If GOP Wins House, What Happens? 5 Questions For 2 Experts : It's All Politics One of the biggest challenges for Republican leaders, say two political scientists who have studied the GOP, will be pulling together young lawmakers who want to confront the president and older members who might make some compromises.
NPR logo If GOP Wins House, What Happens? 5 Questions For 2 Experts

If GOP Wins House, What Happens? 5 Questions For 2 Experts

Minority Leader John Boehner of Ohio, and other House Republicans talk about their "Pledge to America"; Sept. 23, 2010. L-R: Rep. Peter Roskam, R-IL; House Minority Whip Eric Cantor, R-VA; Boehner; Rep. Cathy McMorris Rodgers, R-WA;, and Rep. Kevin McCarthy, R-CA. J. Scott Applewhite/Associated Press hide caption

toggle caption
J. Scott Applewhite/Associated Press

Most pundits give Republicans better than even odds of winning control of the House in the November elections (Ken's latest predictions are here). The last time the GOP took back the majority in the House, in 1994, it was after a record 40 years out of power. This time, if Republicans win, it will break only a four-year hiatus.

Their fairly fresh memories of losing power — and, more important, the fact that Barack Obama will remain in the White House and his fellow Democrats could very well maintain a smaller Senate majority — may temper some of the ambitions of House Republicans.

Sharing power in government will mean sharing responsibility for what happens or does not happen. Voting in stalwart opposition to Obama's priorities has been their strategy not just during the campaign season but since he became president.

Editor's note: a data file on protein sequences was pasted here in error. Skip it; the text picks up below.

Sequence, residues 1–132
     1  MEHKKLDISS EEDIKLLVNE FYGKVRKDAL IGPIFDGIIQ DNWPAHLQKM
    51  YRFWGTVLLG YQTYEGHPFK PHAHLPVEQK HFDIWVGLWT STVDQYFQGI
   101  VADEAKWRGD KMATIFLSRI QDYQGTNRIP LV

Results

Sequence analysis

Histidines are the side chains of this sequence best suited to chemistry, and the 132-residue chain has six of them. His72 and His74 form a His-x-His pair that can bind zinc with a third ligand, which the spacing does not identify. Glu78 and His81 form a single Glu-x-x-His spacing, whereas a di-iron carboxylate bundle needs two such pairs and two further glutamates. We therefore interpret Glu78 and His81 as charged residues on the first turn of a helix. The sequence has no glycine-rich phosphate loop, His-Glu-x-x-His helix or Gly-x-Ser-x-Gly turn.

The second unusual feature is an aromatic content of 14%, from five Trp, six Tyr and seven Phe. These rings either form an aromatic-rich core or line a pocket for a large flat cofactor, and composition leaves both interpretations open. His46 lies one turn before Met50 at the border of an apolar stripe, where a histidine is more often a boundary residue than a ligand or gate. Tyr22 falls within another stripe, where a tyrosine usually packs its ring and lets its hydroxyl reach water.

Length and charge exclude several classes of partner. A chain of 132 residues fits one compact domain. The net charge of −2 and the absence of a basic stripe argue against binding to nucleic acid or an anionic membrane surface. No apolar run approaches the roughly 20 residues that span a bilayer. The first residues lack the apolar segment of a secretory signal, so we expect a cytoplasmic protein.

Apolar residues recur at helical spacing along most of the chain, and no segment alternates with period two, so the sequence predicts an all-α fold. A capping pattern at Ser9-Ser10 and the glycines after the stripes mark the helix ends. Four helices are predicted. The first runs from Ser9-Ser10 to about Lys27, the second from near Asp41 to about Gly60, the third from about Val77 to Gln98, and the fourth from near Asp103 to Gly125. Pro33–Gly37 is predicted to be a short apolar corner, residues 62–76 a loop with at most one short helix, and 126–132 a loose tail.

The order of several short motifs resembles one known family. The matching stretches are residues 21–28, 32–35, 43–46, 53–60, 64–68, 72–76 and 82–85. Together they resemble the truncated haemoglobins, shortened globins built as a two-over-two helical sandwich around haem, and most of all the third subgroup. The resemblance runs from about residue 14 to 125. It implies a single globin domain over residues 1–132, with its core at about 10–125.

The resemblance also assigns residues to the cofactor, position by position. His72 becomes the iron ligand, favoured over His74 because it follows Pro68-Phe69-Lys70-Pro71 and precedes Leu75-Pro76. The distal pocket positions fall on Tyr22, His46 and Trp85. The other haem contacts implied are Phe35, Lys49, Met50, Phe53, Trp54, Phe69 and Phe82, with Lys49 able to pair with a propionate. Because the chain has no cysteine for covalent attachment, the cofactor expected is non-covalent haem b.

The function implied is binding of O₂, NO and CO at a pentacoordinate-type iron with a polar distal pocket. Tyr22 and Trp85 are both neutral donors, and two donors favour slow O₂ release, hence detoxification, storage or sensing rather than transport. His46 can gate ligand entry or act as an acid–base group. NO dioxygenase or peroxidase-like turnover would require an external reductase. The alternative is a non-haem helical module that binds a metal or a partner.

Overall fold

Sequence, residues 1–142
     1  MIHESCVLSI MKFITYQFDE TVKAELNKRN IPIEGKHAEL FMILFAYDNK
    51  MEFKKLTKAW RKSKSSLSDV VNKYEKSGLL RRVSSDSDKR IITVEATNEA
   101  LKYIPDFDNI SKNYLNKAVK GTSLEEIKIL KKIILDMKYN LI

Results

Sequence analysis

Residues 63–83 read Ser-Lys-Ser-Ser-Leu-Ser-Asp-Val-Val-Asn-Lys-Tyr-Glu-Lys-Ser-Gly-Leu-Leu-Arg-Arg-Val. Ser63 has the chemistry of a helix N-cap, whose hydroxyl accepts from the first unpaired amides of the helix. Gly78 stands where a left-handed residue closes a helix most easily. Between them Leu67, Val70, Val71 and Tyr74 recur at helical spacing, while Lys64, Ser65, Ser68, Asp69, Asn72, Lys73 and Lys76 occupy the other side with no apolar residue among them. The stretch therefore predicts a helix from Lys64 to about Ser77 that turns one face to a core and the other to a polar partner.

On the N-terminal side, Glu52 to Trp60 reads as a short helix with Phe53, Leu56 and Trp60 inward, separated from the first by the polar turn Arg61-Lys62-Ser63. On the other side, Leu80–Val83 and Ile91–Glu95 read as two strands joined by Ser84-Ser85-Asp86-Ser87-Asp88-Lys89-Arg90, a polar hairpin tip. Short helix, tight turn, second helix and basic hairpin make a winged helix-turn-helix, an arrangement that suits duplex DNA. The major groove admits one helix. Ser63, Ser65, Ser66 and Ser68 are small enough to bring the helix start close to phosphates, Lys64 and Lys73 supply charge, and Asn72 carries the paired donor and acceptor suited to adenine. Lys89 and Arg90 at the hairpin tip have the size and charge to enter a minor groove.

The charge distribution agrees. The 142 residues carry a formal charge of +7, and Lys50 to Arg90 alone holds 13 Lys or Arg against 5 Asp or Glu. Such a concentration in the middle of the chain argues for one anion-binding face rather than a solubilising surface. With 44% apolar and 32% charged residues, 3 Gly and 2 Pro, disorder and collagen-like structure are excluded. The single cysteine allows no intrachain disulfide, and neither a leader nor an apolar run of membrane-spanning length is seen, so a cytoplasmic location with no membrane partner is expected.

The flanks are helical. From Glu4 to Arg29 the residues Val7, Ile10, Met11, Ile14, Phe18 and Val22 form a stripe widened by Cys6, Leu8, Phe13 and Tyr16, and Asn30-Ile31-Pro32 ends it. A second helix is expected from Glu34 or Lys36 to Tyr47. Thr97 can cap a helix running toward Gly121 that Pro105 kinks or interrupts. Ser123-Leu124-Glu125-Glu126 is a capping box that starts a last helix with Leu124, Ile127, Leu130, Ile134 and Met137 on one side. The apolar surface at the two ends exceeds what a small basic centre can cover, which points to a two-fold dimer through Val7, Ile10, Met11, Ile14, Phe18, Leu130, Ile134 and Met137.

The big test they'll face, should they win, is whether to learn to work with the president or to continue attacking him all the way up to the 2012 elections. And, of course, Obama will have to adjust to his party losing control over part of the government as well.

To get a sense of how House Republicans may be expected to act in the majority, we spoke to two political scientists who have studied the GOP caucus carefully. William F. Connelly Jr., who teaches at Washington and Lee University, and John J. Pitney Jr., who teaches at Claremont McKenna College, co-authored a book about the House GOP's long years in the minority (Congress' Permanent Minority? Republicans in the U.S. House) and have since written about the GOP's time in power.

Question: How would House Republicans returning to power differ from the "Republican Revolution" class back in 1994? Today's party certainly seemed to want to evoke memories of the 1994 "Contract With America" with last week's campaign platform, the "Pledge to America."

Pitney: "The big difference is that they have experience in governing. In 1994, no Republican had ever served in the majority, except the party switchers. Some hadn't been born the last time Republicans held the majority.

"This time, memories of the majority — and losing the majority — are just a few years old. Nonetheless, they will have a large influx of newcomers whose constituencies might be pressing for very dramatic action."